Cotswold Wildlife Park is celebrating the birth of one of its most iconic and rare Lemur species – the Crowned Sifaka (Propithecus coronatus). The baby male, named Yousstwo, is the first breeding success for new parents Bafana and Tahina and is the first Sifaka birth in the Park’s history. Cotswold Wildlife Park is the only mainland zoological collection in the UK to keep this endangered Lemur species.
Bafana arrived at the Park in 2009 from Besancon Zoo in France. Tahina joined him in 2013, from the same zoo, and the pair formed an instant bond. They are the only breeding pair in the country. Tahina is also the first hand-reared Sifaka in history to parent-rear her own offspring and is proving to be an exceptional mother.
The birth was caught on camera.
Jamie Craig, Curator of Cotswold Wildlife Park, said: “On the night of the birth, things seemed to go perfectly from the beginning. It is enormously satisfying to watch Yousstwo develop after all the effort that has been put in by keepers – including 24-hour Sifaka watch on CCTV! Tahina is proving to be an exemplary mother and our success complements the conservation efforts in Madagascar perfectly. Yousstwo is now beginning to explore his new world and we hope he will go on to be an important part of the breeding programme.”
Females are only sexually receptive for just one or two days a year, so the window of opportunity for males to father offspring is small. After a gestation period of approximately one hundred and sixty five days, females give birth to a baby completely covered in white fur and weighing roughly one hundred grams. Infants are able to grip their mother’s fur from birth and they cling onto her belly for the first few weeks of life. After eight weeks, they start to develop the distinctive darker markings the Crowned Sifaka is famous for. They become independent at around six months old.
The dedicated Primate keepers have been closely monitoring the new family. Last week, Yousstwo ventured outside for the first time and has been seen leaping from his mother’s back and exploring his new home with great vigour. Visitors can now see Yousstwo and his parents in the Sifaka enclosure adjacent to ‘Madagascar’ – the Park’s interactive Lemur exhibit.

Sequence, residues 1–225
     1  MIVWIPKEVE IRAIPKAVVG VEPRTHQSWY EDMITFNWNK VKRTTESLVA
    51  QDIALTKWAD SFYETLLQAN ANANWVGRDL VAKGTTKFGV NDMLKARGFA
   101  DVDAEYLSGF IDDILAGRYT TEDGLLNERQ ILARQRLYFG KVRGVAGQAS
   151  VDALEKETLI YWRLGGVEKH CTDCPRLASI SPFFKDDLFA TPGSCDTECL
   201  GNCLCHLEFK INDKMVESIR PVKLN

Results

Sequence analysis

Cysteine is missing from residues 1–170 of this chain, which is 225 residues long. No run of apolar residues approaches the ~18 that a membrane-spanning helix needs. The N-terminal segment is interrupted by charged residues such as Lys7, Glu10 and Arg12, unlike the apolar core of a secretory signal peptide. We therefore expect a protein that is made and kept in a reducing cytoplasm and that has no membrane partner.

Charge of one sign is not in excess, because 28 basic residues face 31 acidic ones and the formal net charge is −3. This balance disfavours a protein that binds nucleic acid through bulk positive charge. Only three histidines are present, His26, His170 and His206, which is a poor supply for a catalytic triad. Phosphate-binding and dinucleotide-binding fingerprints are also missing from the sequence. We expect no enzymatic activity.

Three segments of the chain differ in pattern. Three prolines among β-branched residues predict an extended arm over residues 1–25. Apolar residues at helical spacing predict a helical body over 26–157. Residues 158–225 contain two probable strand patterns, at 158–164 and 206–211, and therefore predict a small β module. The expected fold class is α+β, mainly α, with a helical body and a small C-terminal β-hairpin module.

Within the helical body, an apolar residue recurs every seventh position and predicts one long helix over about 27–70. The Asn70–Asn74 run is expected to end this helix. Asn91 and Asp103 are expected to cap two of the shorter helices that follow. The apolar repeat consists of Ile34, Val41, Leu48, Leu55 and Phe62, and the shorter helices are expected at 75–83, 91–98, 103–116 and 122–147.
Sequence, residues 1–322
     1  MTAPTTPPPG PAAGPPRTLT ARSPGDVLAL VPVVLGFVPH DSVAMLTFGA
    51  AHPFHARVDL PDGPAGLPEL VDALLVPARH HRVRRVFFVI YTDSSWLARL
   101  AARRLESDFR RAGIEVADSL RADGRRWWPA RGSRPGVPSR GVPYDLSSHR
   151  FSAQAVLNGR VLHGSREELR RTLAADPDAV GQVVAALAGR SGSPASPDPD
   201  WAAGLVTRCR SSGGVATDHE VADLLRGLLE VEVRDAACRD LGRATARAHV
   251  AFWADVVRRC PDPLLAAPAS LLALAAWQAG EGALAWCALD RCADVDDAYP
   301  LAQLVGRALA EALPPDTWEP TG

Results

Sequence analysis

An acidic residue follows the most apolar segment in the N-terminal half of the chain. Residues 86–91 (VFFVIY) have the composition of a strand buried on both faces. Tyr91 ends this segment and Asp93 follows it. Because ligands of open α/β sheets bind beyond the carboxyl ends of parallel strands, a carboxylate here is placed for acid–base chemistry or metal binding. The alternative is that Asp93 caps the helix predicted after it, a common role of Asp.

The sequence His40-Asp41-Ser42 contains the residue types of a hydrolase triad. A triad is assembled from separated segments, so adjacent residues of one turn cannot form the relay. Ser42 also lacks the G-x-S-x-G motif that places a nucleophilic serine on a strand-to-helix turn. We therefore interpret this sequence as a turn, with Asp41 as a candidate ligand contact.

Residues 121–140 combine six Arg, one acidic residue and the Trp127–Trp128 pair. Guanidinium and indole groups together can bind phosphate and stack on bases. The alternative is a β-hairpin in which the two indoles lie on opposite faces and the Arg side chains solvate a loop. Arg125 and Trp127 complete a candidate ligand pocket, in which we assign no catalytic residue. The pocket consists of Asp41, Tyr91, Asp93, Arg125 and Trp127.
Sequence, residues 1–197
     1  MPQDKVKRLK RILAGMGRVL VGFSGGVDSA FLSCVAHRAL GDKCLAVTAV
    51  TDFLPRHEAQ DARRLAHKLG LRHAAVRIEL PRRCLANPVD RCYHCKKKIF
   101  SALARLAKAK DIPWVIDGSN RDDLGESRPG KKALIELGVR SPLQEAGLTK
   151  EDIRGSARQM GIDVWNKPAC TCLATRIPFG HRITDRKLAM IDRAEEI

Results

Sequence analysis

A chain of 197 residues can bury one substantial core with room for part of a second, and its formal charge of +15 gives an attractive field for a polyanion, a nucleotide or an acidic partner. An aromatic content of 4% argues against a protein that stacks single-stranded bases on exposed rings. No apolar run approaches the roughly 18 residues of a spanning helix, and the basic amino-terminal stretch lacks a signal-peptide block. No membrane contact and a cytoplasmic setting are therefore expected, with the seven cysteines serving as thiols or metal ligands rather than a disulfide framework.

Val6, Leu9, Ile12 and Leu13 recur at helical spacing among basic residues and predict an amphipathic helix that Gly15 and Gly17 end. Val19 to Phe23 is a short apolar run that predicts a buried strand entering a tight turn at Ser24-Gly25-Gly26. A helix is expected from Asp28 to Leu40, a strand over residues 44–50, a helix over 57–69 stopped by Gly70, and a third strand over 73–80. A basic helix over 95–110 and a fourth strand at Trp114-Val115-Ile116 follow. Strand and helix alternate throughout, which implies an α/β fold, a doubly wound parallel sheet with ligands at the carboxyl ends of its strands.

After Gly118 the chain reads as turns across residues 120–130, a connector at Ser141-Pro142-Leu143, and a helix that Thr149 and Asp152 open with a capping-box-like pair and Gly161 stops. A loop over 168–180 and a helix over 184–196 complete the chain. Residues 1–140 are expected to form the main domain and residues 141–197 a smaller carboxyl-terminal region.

More about Madagascar and Lemurs
Lemurs are native to Madagascar – an ancient island in the Indian Ocean. Once joined to Africa, Madagascar has been isolated for millions of years. As a result, it has evolved an eclectic set of highly specialised wildlife – eighty per cent of which is unique to the island and is startlingly different from anything found elsewhere in the world.
Despite having only one natural predator on the island, the Fossa, many Lemur species are critically endangered. Escalating demands from human activities (such as deforestation, hunting and rapid agricultural growth) have placed enormous pressure on the island’s unique wildlife. Madagascar is now considered to be one of the world’s top conservation priorities. Habitat loss has had a catastrophic effect on Lemur populations. Timber is being smuggled out of Madagascar at an alarming rate. In 2010, custom officers at Mombasa seized 420 tonnes of illegally felled Malagasy rosewood timber* (worth an estimated $13 million), destined mostly for China. Approximately ninety per cent of the island’s forests and ecosystems had been denuded**. In addition to drastic loss of habitat, the illegal bushmeat trade threatens future Lemur populations, especially as Lemurs don’t reproduce often – or even every year. As a result, many species are on the verge of extinction and without immediate conservation efforts, will be wiped out. For this reason, in 2013, the Cotswold Wildlife Park Conservation Trust was established. Its aim is to fund vital conservation projects to preserve future generations of Madagascar’s rarest Lemurs, including the Crowned Sifaka and critically endangered Greater Bamboo Lemur.
Jamie Craig commented: “The plight of all species in Madagascar is extremely worrying and the Sifaka are now confined to tiny forest fragments, often in unprotected areas. We are working hard with Malagasy non-governmental organisations to protect these areas and give the species living there a glimmer of hope. The Crowned Sifaka breeding programme is pretty much unique in that it includes some of the wild population, who, in many instances, are essentially trapped by deforestation, farming practices and rising human populations. The work includes translocating certain individuals to ensure these small isolated groups maintain genetic diversity. Any birth of this species is a triumph and the research we do with the captive population is vital to the work carried out in the field.”
Jamie (pictured above with Crowned Lemurs on a recent research trip to Madagascar) is heavily involved with a number of in-situ projects and is a committee member of both the Crowned Sifaka and Greater Bamboo Lemur European Endangered Species Programmes.